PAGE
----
Hoboken University Medical Center-New York Medical College Residency Program

When we started the AFMRD Clinic First Collaborative our three main goals were to improve scheduling of residents in clinic to optimize continuity and resident engagement, improve empanelment and engage residents in clinic transformation. We have made great strides in all our goals thanks to the clear roadmap created by the collaborative and the building blocks for providing excellent care and training.

We first learned about the two plus two mini block schedules at our kick off conference. This concept fit our current model perfectly as we already had a similar version of this for our third-year residents. It made perfect sense for the resident to be completely present in the inpatient rotation or outpatient rotation. Too often residents were assigned to clinic once per week for a few hours, feeling inadequate rushing out of the hospital, being late to clinic and not being fully present during the afternoon session. We teamed up all our residents into co-year dyads, each year has 4 pairs. We negotiated the change from 1 month “inpatient” rotations to 2-week rotations with many of our teaching partners. While the “inpatient or away” resident is not in clinic for two weeks, the “outpatient or clinic” co-resident is responsible for their partner’s electronic health record inbox, lab results and administrative clinic duties. Residents sing out to each other any pending tests or patient follow up issues important for patient quality. As a preceptor I notice residents are more likely to follow protocols or change behavior if there is constant repetition and practice. The two plus two schedules would not have been possible for our first-year residents without the 40-week waiver we received, and we would not have known about the waiver if it wasn’t for the clinic first collaborative.

Working closely with the scheduling department has helped ensure continuity within the two resident team structure. Team continuity from the patient perspective is 83% for our third-year residents and on average patients are only seeing two providers per year. To improve access, we have blocked off twenty percent of each resident’s schedule for same-day access. The same day appointment can only be used by residents for urgent follow up for their own patient within one week of the appointment or it can be used by any scheduler within 24 hours of the appointment time for urgent care. Thanks to one of our webinars I learned how to track our access.  Our average third next available appointment is 17 days, the longest being 38 days! The report shed light on how busy or not busy some providers are, there were outliers and I adjusted rotation schedules accordingly.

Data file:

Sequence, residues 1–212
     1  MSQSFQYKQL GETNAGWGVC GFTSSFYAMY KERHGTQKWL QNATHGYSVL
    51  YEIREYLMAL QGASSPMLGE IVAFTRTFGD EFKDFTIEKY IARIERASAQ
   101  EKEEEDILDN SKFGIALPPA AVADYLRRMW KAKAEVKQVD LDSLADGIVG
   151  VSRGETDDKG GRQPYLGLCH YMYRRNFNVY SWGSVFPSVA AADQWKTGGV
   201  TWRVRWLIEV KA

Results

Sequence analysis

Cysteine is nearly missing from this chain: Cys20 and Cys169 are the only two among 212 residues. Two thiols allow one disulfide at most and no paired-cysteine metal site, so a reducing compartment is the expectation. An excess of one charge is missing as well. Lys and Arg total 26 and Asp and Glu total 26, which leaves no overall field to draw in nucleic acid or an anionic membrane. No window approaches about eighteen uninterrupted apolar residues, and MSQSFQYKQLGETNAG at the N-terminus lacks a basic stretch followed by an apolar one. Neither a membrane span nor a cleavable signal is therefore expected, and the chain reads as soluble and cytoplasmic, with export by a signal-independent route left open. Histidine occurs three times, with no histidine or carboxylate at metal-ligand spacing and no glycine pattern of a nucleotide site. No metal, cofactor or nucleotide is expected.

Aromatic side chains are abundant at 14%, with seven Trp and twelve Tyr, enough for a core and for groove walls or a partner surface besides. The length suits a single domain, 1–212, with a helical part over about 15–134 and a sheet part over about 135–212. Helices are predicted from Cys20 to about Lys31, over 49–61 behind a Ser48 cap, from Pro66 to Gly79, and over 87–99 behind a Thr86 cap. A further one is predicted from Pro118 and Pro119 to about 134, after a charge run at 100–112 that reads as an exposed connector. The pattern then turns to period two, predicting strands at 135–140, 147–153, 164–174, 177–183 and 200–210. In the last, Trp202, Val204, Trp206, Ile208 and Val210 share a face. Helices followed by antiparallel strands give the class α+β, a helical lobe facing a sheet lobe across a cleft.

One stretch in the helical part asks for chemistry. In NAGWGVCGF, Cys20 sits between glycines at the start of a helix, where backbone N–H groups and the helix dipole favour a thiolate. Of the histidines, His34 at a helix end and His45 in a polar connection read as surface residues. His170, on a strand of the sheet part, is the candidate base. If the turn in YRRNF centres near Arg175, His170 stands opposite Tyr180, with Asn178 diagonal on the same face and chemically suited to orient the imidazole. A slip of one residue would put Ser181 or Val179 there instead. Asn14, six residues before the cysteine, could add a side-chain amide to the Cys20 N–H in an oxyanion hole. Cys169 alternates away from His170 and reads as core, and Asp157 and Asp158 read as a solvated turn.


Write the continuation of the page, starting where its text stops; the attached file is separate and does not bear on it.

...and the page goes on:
We learned about high functioning practices where they are sharing the care well with nursing staff.  We mostly care for patients with Medicaid and charity care at our site so unfortunately, we will not be able to hire more medical assistants any time soon. We did realize however that we have a lot of medical students and using the training model for the medical assistants has helped us better utilize the time and efforts of the medical students.

We tried to implement a transition clinic for patients discharged from the hospital. This has been surprisingly difficult to implement since our inpatient structure recently changed. We have identified a regularly scheduled time and resident for this clinic however the patient show rate is very low. We must do more outreach to the new inpatient attendings and work closely with the scheduling department to maximize the transition clinic.

Next steps for us is to continue to make progress on our current efforts and focus more on data-driven improvement. We are just barely getting to work well with our EMR and hope to expand our ability to run useful and timely reports. Most of our current reports are done manually through randomized chart audits. Furthermore, we recently surveyed residents and patients on their satisfaction and will be working on improving on any deficits found. Practice transformation is hard and very slow, we are grateful to the clinic first collaborative for their support and mentorship, our patients, residents and staff have all benefitted.


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